Titanic Captain Edward John Smith Lived Here

On the night of 15 April 1912, Captain Edward John Smith died along with 1500 other people when RMS Titanic struck an iceberg and sank in the North Atlantic. Edward John Smith was born on 27 January 1850. In 1875 he earned his master’s certificate, a qualification necessary for him to serve as a ship’s captain. In 1880 he became a junior officer with the … Continue reading Titanic Captain Edward John Smith Lived Here

Writing History: Some Hints and Tips

Family history – own it Are you writing about your family history? If so, then YOU own the story. In my experience, I’ve found this to be a stressless way of writing history. It’s always enjoyable to reminisce. When I write my family history posts the words nearly always flow very easily once I’ve settled on a topic and this is because it is my … Continue reading Writing History: Some Hints and Tips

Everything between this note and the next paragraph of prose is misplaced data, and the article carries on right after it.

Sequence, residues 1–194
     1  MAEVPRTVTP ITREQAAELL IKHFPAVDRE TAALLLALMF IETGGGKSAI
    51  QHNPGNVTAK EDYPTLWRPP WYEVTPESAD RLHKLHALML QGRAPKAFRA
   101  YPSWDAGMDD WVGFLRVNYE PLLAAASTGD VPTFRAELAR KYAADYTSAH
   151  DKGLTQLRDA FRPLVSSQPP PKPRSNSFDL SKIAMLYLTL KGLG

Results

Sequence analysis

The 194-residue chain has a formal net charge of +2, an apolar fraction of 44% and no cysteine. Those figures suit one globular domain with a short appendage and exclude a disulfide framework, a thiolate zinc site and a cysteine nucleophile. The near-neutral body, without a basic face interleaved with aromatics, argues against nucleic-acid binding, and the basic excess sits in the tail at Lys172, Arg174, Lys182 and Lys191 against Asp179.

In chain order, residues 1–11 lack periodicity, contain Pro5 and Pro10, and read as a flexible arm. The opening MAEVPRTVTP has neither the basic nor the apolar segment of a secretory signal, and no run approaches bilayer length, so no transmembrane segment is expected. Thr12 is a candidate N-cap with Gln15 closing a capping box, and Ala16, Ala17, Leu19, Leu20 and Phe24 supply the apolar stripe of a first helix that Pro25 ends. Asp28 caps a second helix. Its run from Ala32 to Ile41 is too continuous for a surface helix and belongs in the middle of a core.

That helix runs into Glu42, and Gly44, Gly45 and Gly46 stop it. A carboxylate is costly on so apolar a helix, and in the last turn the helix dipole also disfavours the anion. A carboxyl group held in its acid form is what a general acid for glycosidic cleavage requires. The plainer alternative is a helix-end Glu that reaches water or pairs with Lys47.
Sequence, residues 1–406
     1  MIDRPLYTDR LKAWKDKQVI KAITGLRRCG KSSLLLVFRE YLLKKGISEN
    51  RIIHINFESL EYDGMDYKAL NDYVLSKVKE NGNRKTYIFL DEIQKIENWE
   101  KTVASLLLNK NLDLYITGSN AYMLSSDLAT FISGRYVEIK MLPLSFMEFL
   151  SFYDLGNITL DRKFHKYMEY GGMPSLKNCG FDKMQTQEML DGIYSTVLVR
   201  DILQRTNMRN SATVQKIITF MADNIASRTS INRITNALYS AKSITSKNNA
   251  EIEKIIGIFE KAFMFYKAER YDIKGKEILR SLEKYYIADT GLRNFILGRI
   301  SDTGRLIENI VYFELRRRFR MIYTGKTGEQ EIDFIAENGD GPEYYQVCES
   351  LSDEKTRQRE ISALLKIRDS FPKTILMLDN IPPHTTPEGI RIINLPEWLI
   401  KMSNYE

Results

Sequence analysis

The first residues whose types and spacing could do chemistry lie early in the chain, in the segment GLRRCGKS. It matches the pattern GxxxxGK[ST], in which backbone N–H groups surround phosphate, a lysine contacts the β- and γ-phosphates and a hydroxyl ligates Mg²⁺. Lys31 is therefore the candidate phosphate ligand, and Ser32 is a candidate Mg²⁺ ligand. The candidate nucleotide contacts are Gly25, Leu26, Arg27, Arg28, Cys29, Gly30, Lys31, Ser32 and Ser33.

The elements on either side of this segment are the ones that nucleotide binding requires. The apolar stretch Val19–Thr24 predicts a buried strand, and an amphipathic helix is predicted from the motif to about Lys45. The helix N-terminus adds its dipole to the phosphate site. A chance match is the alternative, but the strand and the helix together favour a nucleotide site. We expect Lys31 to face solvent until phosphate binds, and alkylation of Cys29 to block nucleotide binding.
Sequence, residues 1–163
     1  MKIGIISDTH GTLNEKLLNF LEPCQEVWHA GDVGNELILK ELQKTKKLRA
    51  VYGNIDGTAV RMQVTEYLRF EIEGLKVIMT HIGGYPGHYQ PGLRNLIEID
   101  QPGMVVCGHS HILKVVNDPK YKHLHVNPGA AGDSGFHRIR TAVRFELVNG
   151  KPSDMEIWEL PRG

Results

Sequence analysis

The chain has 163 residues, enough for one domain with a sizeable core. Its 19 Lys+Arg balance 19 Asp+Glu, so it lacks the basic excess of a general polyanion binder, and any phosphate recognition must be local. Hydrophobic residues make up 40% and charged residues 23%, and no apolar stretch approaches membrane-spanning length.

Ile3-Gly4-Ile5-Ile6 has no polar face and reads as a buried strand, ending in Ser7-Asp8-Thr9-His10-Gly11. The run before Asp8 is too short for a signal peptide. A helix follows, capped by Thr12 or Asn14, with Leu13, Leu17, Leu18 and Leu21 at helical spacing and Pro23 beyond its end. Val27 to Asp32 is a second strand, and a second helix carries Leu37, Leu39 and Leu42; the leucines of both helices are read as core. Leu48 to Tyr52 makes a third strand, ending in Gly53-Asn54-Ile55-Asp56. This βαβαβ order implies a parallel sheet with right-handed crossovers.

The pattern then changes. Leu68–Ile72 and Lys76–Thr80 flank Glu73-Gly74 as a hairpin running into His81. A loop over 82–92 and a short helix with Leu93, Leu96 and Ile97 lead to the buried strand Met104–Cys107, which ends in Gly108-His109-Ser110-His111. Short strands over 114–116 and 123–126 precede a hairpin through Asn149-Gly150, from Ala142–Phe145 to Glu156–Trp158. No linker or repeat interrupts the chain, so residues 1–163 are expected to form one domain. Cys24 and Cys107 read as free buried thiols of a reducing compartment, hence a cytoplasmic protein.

William Marsden Lived Here

A blue plaque commemorating the founder of the Royal Free and Royal Marsden Hospitals adorns a townhouse in Lincoln’s Inn Fields. Marsden was born in Yorkshire in 1796 and after his apprenticeship to an apothecary moved to London. He studied surgery at St Bartholomew’s Hospital and qualified as a surgeon in 1827. He opened what became known as the Royal Free Hospital as sick people … Continue reading William Marsden Lived Here

Parliament Square: Protesting Trump in the Home of Democracy

I don’t pretend to be a political analyst. Indeed, I’m often apolitical because I just don’t want to do politics. Nevertheless, I can list several things I dislike about US President Donald Trump, but that can be said of several other political figures, too. However, in the western democratic world, we have the right of free speech and the right to protest peacefully. Enter the … Continue reading Parliament Square: Protesting Trump in the Home of Democracy

Oscar Wilde at the Old Bailey

25 March 1895 Oscar Wilde was largely the architect of his own downfall. He was jailed on 25 May 1895 after an investigation into his private life. Reacting to what amounted to being ‘outed’, Wilde brought a public prosecution against the Marquess of Queensbury. It was this court case that brought his lifestyle under criminal and public scrutiny. John Sholto Douglas, the Marquess of Queensberry, was … Continue reading Oscar Wilde at the Old Bailey